I enjoyed my experience working with the Mountaineer Food Bank in Gassaway, West Virginia so when I returned to my family home in Arlington, VA, during the "stay at home" order, I looked for local food bank opportunities. Most of the in-person volunteering has been suspended for obvious reasons, however, the Arlington Food Assistance Center
("AFAC") has easy to follow instructions on starting your own neighborhood food bank in the safety of your own home.
AFAC provides food to over 2,300 families every week. Forty percent of that food comes from donations from grocery stores and food drives, but grocery store donations have been cut back substantially during the pandemic. This means neighborhood food drives and monetary donations must increase to fill the gap with so many families facing unemployment and financial crisis.
I registered my food bank on the AFAC website, downloaded the flyer, and composed an email to the neighbors in my townhouse complex inviting them to contribute nonperishable items. I left boxes on my front porch so friends and neighbors could drop off supplies without contact. I felt excited every time I opened my front door to take the dog out or go to the mailbox -- there was another bag of canned goods or pasta to add to my collection! At first, I was disappointed that some neighbors only gave us a few canned goods, however, I remembered that many of them are in vulnerable populations and not leaving their house at all during the crisis, so they were generously giving what they could spare from their own cupboard, not knowing when they would get out again to the store.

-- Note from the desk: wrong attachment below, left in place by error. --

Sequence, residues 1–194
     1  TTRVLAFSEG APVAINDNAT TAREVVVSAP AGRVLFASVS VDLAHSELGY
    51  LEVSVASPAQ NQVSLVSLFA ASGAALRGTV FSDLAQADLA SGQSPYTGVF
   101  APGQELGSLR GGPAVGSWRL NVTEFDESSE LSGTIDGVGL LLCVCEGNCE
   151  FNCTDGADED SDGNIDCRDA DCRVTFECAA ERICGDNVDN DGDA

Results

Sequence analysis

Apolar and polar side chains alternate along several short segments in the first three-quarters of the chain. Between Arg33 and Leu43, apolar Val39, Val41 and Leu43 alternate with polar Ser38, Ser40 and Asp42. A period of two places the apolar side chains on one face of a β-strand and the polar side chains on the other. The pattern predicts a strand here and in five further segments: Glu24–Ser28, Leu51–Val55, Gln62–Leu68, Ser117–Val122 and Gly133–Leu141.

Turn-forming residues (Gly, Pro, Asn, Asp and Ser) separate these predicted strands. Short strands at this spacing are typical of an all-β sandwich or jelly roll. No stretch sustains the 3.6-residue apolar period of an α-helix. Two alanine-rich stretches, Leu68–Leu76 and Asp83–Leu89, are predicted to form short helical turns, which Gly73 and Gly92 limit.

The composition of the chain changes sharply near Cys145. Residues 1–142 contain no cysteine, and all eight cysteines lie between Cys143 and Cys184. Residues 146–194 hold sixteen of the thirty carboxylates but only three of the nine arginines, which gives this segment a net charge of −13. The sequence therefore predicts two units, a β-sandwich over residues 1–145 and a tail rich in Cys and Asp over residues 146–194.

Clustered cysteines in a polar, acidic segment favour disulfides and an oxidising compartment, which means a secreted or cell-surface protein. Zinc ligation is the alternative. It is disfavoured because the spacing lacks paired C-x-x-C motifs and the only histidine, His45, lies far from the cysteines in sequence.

I organized the items in my living room and delivered nine boxes of nonperishable food at AFAC on Saturday April 18. The staff there was grateful for the donations and helped me unload the car. I found this was easy to organize with AFAC’s help and can be done with neighbors, friends, sports, teams, book clubs, faith communities, and coworkers. I’m organizing another food drive among the families that frequent my favorite dog park next!
About Ksenia Bradner
Ksenia Bradner grew up in McLean, Virginia near Washington, D.C., and was adopted from St. Petersburg, Russia in 1993. She earned an Associate of Science magna cum laude, and holds a BA history degree from Goucher College. Ksenia's education was tailored to public history, which involves communicating history in an accessible way to the public. Her career goal is to work in the museum field in a position that pertains to public history, rather than archival work or preservation.
She has completed two excellent internships in the museum field - the Civil War Medical Museum in Frederick, Maryland and the National Park Service Museum Resource Center in Landover, Maryland. In 2018, Ksenia worked as a History Interpreter for George Washington’s Mount Vernon during the busy Student Highlights season where the estate greets over a half a million visitors of all ages and nationalities.